JEREMY SCAHILL: The most recent one is that President Bush hired Blackwater’s lawyer — Blackwater’s former lawyer to be his lawyer. He replaced Harriet Miers. His name is Fred Fielding, of course, a man who goes back many decades to the Reagan administration, the Nixon administration. He is now going to be Bush’s top lawyer, and he was Blackwater’s lawyer. Joseph Schmitz, who was the former Pentagon Inspector General, whose job it was to police the war contractor bonanza, then goes on to work for one of the most profitable of them, is the vice chairman of the Prince Group, Blackwater’s parent company, and the general counsel for Blackwater. Ken Starr, who’s the former Whitewater prosecutor, the man who led the impeachment charge against President Clinton, Kenneth Starr is now Blackwater’s counsel of record and has filed briefs for them at the Supreme Court, in fighting against wrongful death lawsuits filed against Blackwater for the deaths of its people and US soldiers in the war zones. And then, perhaps the most frightening employee of Blackwater is Cofer Black. This is the man who was head of the CIA’s counterterrorism center at the time of 9/11, the man who promised President Bush that he was going to bring bin Laden’s head back in a box on dry ice and talked about having his men chop bin Laden’s head off with a machete, told the Russians that he was going to bring the heads of the Mujahideen back on sticks. …
Another reason for my initial skepticism toward Master of War was the book’s imprint, HarperCollins, a Murdoch holding. That alone stirred in me the same sense of aversion any sensible man might compare to spiders creeping into his mouth, eyes and ear canals. Evangelicals bankrolled by Erik’s father are fixtures on Murdoch’s Fox News, and the political conflicts of interest are too numerous to list.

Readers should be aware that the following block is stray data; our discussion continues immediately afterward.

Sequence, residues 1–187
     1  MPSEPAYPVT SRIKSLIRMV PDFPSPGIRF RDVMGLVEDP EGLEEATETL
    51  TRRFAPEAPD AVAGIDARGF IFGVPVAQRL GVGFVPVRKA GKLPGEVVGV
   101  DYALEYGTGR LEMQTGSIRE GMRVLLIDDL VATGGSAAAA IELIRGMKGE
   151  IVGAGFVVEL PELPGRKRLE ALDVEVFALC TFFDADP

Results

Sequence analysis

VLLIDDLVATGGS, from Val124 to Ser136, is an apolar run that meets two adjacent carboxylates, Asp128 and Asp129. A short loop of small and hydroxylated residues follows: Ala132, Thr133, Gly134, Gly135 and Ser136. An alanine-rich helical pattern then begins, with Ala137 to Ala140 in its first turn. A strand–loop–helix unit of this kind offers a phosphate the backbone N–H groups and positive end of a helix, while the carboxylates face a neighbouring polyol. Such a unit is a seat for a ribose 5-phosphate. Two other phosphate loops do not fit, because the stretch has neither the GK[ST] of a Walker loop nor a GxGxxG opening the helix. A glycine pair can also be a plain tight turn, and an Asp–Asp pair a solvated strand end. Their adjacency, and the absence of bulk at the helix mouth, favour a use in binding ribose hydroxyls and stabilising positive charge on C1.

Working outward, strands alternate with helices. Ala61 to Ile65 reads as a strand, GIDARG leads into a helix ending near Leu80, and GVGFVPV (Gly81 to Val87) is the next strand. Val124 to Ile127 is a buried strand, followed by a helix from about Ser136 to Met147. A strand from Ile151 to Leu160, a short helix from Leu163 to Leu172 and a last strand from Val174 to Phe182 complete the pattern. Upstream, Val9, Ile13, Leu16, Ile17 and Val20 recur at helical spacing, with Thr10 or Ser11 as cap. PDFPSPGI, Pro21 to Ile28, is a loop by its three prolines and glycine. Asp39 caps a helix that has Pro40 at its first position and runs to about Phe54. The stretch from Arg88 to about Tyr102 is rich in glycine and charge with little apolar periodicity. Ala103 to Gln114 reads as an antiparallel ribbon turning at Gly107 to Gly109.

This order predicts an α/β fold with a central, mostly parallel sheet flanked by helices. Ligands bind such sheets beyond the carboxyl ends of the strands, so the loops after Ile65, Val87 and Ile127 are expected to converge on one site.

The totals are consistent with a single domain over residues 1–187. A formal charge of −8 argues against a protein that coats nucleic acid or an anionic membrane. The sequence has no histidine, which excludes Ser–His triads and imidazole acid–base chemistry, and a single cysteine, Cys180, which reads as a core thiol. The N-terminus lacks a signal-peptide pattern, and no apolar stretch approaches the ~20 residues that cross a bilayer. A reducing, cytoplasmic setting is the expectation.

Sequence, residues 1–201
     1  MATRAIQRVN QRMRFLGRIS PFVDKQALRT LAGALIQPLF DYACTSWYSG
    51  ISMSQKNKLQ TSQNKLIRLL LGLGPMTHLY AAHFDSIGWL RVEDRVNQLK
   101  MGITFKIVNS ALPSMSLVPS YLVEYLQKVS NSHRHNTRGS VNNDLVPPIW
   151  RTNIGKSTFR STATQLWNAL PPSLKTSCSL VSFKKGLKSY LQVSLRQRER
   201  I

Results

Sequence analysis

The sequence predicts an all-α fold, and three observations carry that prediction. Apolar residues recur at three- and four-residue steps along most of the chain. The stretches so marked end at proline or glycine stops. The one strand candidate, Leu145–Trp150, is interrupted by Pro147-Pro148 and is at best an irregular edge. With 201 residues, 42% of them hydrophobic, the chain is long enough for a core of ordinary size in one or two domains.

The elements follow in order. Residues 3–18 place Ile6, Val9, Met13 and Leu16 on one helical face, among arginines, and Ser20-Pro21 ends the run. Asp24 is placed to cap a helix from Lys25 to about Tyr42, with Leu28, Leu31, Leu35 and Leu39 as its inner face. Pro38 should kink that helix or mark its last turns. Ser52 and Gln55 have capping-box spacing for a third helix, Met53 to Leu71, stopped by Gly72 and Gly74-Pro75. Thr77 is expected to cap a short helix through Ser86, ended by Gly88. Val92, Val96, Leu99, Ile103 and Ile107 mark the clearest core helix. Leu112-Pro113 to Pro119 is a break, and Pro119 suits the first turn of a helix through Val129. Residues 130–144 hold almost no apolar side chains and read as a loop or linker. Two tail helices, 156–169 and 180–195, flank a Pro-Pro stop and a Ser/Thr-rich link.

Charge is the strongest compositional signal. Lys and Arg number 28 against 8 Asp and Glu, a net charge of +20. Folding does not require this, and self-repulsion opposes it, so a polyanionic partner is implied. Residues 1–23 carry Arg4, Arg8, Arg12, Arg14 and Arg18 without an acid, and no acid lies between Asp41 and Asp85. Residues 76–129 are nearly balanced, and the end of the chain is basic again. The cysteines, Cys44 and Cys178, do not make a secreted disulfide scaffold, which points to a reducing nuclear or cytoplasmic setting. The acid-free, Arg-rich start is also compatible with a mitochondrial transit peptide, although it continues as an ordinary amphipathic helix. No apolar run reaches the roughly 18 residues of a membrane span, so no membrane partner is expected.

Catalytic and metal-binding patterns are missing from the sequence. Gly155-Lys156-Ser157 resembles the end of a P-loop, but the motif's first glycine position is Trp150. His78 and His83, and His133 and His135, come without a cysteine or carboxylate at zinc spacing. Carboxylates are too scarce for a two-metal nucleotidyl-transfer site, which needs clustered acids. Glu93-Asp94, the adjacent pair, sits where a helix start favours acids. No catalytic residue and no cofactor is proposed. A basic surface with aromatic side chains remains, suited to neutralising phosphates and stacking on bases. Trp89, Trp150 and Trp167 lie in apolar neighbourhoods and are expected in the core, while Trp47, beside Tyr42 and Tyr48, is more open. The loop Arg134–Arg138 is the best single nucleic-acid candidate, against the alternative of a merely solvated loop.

And then there is the book’s author, Suzanne Simons, a CNN executive producer. She has covered the Kosovo conflict, won a Peabody and duPont award for her reports on Hurricane Katrina and the Tsumani disaster in 2005. Simons’ many CNN reports on Blackwater have done much to rivet public attention on the military contractor scourge. But she is definitely a “mainstream” reporter, and in Master of War there is an over-reliance on Erik Prince interviews, hundreds of them conducted over the course of eighteen months. She often takes him at his word. After the shootings in Iraq, Prince believed, or pretended to believe, the self-serving account of his homicidal employees. He believed that they had “fought for our freedoms,” not that they considered themselves beyond accountability and acted out pathologically with Gestapo ferocity. Simons accepts Prince at his word, and this is a major shortcoming of the book.
Self-censorship is another. She wouldn’t think of plumbing Joseph Schmitz’s Nazi connections, for instance. Corrupt CIA officials like A.B. Krongard, formerly of In-Q-Tel and currently a Piper Rudnick operative, are taken at face value, as they often are in shallow cable news reports.
But despite these impediments, I found myself enjoying the book. The biography often lives up to its claim to be unbiased, and Prince’s self-vaunted “patriotism” withers in Simons’ wry, detailed deconstruction of the Blackwater scandal. The multitude of spooks that turn up in connection with Blackwater, recently rechristened Xe, lead me to the conclusion that the contractor is a CIA front. Blackwater has attracted to its board rooms some of the most powerful fascists in the country. If only Ms. Simons understood the deep history of her subject, her treatment of the widely-despised “patriot” would have been far less sympathetic, and would have exposed contractual parafacism for what it is – a house of jackals.